Mothers and daughters…
🙂 🙂 🙂 🙂
Helen has had a strained relationship with her mother Lily and grandmother Dora for years. But now Helen’s brother Declan is dying of AIDS, and the three women are forced to come together for his sake. At Declan’s request, they all go together to spend some time at Dora’s home, resurrecting unhappy memories of the time Helen and Declan lived there as children, while Lily was in Dublin looking after their dying father.
Tóibín’s writing throughout is spare and beautifully controlled, always giving the impression of simplicity and integrity. He paints a very convincing picture of the small village of Blackwater, old-fashioned and conservative, also slowly dying as erosion from the sea gradually destroys the houses built on the coast. There’s no real plot; this is a study of the three generations of women, forced together physically by a shared grief but emotionally separate. And there’s a secondary strand as Declan’s illness allows Tóibín to look at attitudes towards homosexuality in Ireland in the ‘90s, through the reactions of the three generations of his family to his two friends who have come to stay with him. The book is told in the third person from Helen’s viewpoint and what we get to know about the other characters comes through that filter, and through the many conversations that take place as the long days and wakeful nights pass. As old resentments come to the surface, Tóibín takes no sides and apportions no blame, nor does he offer any easy resolutions.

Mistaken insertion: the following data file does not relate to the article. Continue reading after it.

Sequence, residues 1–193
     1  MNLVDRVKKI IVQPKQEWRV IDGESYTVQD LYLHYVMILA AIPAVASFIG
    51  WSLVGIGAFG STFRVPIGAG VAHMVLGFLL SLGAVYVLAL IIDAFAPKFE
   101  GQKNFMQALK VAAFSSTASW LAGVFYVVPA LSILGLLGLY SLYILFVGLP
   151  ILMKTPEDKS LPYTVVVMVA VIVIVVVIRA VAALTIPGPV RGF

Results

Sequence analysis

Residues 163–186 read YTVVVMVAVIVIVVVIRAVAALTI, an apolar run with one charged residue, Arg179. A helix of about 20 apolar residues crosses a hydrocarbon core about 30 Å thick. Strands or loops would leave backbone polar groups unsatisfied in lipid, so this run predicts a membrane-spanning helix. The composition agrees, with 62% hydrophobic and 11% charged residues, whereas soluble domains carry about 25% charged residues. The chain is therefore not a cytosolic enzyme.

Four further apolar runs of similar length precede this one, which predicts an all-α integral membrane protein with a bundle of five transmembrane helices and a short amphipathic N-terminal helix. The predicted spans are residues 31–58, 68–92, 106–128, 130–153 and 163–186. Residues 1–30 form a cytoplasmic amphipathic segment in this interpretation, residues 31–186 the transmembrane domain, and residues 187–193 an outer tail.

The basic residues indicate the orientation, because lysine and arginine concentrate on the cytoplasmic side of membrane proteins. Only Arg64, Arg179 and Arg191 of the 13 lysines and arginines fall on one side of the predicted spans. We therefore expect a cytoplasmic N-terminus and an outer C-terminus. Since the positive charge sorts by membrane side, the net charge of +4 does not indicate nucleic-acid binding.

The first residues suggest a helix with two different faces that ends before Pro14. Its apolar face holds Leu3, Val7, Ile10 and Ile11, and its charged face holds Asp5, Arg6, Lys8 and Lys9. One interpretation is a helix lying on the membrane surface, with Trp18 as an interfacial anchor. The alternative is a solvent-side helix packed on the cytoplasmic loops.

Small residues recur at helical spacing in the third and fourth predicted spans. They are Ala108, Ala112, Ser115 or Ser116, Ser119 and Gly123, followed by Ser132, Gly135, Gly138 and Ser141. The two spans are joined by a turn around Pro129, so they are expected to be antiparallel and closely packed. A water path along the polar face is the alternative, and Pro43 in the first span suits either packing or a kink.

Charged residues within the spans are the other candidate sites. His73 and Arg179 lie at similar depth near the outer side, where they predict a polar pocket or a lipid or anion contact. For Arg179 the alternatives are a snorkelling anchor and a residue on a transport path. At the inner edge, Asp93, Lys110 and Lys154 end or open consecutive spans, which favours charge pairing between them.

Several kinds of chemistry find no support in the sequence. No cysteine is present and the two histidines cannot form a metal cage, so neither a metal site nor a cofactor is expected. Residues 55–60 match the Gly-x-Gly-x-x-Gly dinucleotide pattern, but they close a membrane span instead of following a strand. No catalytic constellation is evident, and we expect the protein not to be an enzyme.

“Imaginings and resonances and pain and small longings and prejudices. They meant nothing against the resolute hardness of the sea…It might have been better, she felt, if there had never been people, if this turning of the world, and the glistening sea, and the morning breeze happened without witnesses, without anyone feeling, or remembering, or dying, or trying to love.”
I’ve been reading Tóibín backwards in time, my first introduction to him having been the gut-wrenching and amazingly powerful The Testament of Mary (which I’m delighted to see on the Booker longlist). In this book, I can clearly see the potential that he fulfilled in the later one, but I found this book curiously cold. Although we learn a little about Declan’s friends, Declan himself remains underdeveloped – he’s really little more than a catalyst to bring the women together. The contrast of the emotional openness and competence of Declan’s friends with the frosty reserve and inadequacy of the women was, I felt, over-stated and a little too simplistic to be truly convincing.
The characterisation of the women is much deeper and their conversations and interactions ring entirely true. However, as we slowly learn what is at the root of the tensions amongst them, the reasons don’t seem to sufficiently explain Helen’s bitterness, and as a result she comes over as a rather selfish and unforgiving person, still focussed on her own childhood resentments and having learned very little from her own experiences of love and motherhood. And this, I think, is the reason that the book didn’t have quite the same emotional impact in the end as either Testament of Mary or to a lesser degree Brooklyn.
Overall, though, the themes of grief and family, the sense of place and time and the intimacy of the characterisation are all hallmarks of Tóibín’s work which, combined with the quality of the writing, make this an insightful and compelling read; and, despite my reservations around the emotional depth of the book, one that I would highly recommend.